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Firm Dynamics and Real Exchange Rate Fluctuations: Does Trade Openness Matter? Evidence from Mexico´s Manufacturing Sector

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  • Miguel Fuentes
  • Pablo Ibarrarán

Abstract

In this paper we study the effect of NAFTA on the responsiveness of the Mexican economy to real exchange rate shocks. We argue that, by opening the U.S. and Canadian markets to Mexican goods, NAFTA made it easier for domestic producers to take advantage of the opportunities brought by the depreciation of the real exchange rate. To identify this mechanism, we use plant-level data and compare the behavior of employment, production and investment after two big real exchange rate shocks: the first observed in the mid 1980s, the second the Tequila Crisis of 1994-1995. The evidence indicates that after passage of NAFTA exporting firms exhibited higher growth rates of employment, sales, and investment vis-à-vis non-exporters. We confirm our results by analyzing the behavior of a control group of firms, that had complete access to the U.S. market during both devaluations, and we show that they responded in a similar way in both events. Finally, we also provide direct evidence on the relationship between exports and tariff reductions brought about by NAFTA. Our results support the view that NAFTA has allowed Mexican producers to respond more quickly to real exchange rate shocks.

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Bibliographic Info

Paper provided by Central Bank of Chile in its series Working Papers Central Bank of Chile with number 583.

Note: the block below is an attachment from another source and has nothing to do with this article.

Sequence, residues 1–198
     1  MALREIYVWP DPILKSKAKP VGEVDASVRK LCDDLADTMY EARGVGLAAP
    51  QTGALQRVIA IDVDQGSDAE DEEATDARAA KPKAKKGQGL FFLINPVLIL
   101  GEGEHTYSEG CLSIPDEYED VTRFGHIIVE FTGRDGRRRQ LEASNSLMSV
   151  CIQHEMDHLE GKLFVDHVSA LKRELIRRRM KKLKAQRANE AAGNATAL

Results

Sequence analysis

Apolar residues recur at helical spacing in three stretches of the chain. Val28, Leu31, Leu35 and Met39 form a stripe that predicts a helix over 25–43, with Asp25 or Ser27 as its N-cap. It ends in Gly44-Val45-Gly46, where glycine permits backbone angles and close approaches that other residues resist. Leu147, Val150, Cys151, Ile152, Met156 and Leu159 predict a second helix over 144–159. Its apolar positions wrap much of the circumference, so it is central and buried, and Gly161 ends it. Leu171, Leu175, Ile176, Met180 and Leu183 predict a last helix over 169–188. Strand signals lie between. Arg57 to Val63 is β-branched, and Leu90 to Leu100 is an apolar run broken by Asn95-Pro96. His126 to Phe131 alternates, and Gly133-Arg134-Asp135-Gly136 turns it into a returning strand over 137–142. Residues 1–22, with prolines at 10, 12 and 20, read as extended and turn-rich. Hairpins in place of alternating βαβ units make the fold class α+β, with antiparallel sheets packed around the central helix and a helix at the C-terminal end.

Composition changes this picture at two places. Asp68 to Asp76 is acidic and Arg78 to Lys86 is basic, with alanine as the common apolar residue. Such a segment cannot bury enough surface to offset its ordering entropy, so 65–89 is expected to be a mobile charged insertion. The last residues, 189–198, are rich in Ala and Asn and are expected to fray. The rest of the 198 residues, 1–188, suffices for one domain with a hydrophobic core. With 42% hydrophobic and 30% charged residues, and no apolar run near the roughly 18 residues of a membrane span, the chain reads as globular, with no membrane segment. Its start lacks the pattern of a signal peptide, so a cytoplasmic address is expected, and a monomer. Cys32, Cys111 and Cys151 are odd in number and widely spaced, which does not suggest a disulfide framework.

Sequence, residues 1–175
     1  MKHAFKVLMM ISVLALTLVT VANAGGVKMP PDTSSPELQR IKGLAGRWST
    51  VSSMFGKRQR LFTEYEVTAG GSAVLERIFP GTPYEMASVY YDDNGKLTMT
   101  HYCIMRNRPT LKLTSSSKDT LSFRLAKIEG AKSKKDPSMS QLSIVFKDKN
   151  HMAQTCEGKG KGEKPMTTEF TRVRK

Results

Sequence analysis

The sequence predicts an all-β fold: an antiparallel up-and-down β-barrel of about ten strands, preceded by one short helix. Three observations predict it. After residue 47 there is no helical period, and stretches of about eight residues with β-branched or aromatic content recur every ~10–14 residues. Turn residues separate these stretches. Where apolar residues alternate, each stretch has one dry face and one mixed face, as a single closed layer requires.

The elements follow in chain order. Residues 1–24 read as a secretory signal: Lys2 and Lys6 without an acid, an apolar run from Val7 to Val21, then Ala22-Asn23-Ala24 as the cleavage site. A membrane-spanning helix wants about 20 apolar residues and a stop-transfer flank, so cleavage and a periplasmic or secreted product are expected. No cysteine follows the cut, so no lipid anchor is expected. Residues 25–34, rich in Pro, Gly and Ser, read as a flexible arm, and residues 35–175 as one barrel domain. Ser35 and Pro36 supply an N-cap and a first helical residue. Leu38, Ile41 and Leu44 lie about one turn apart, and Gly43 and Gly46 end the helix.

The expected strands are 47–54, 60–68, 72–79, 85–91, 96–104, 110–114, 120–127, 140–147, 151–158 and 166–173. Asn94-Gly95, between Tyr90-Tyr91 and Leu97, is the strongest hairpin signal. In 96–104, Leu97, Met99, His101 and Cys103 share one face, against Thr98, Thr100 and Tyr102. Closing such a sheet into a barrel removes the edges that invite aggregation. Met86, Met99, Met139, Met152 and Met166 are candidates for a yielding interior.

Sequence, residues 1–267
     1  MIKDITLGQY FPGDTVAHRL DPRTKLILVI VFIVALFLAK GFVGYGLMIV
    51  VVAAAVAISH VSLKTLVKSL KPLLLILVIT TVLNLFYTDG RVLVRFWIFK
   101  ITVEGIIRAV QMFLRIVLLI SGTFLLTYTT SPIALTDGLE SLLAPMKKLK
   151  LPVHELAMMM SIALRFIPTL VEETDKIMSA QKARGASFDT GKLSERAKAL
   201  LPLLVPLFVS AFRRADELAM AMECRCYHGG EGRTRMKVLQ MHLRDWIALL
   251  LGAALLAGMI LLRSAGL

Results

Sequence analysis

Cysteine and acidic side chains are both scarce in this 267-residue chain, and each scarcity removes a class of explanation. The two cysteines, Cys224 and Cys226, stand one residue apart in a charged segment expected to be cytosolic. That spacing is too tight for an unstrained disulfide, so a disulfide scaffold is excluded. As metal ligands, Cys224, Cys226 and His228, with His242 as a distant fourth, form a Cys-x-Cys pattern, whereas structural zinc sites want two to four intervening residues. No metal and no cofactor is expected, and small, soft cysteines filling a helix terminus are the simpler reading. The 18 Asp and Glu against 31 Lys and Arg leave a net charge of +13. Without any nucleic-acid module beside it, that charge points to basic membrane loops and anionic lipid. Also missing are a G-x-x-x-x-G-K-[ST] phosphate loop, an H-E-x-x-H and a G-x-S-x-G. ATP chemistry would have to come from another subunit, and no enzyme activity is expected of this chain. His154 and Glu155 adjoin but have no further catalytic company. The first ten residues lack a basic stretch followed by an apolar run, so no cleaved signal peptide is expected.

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Date of creation: Jun 2010
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Handle: RePEc:chb:bcchwp:583

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  1. Aaron Tornell & Frank Westermann & Lorenzo Martinez, 2004. "Nafta and Mexico Less-than-Steller Performance," UCLA Economics Working Papers 833, UCLA Department of Economics.
  2. Aitken, B. & Harrison, A. & Lipsey, R.E., 1995. "Wages and Foreign Ownership: A Comparative Study of Mexico, Venezuela, and the United States," Papers 95-21, Columbia - Graduate School of Business.
  3. Guillermo A. Calvo & Alejandro Izquierdo & Ernesto Talvi, 2002. "Sudden Stops, the Real Exchange Rate and Fiscal Sustainability: Argentina's Lessons," IDB Publications 6821, Inter-American Development Bank.
  4. Robert Dekle & Hyeok Jeong & Heajin Ryoo, 2006. "A Re-examination of the Exchange Rate Disconnect Puzzle: Evidence from Japanese Firm Level Data," IEPR Working Papers 06.46, Institute of Economic Policy Research (IEPR).
  5. Sanghamitra Das & Mark J. Roberts & James R. Tybout, 2007. "Market Entry Costs, Producer Heterogeneity, and Export Dynamics," Econometrica, Econometric Society, vol. 75(3), pages 837-873, 05.
  6. Pratap, Sangeeta & Lobato, Ignacio & Somuano, Alejandro, 2003. "Debt composition and balance sheet effects of exchange rate volatility in Mexico: a firm level analysis," Emerging Markets Review, Elsevier, vol. 4(4), pages 450-471, December.
  7. Gelos, R. Gaston & Werner, Alejandro M., 2002. "Financial liberalization, credit constraints, and collateral: investment in the Mexican manufacturing sector," Journal of Development Economics, Elsevier, vol. 67(1), pages 1-27, February.
  8. Sangeeta Pratap & Carlos Urrutia, 2004. "Firm Dynamics, Investment, and Debt Portfolio: Balance Sheet Effects of the Mexican Crisis of 1994," NBER Working Papers 10523, National Bureau of Economic Research, Inc.
  9. Gordon H. Hanson & Ann Harrison, 1995. "Trade, Technology, and Wage Inequality," NBER Working Papers 5110, National Bureau of Economic Research, Inc.
  10. David Hummels, 2007. "Transportation Costs and International Trade in the Second Era of Globalization," Journal of Economic Perspectives, American Economic Association, vol. 21(3), pages 131-154, Summer.
  11. Robert C. Feenstra & Robert E. Lipsey & Haiyan Deng & Alyson C. Ma & Hengyong Mo, 2005. "World Trade Flows: 1962-2000," NBER Working Papers 11040, National Bureau of Economic Research, Inc.
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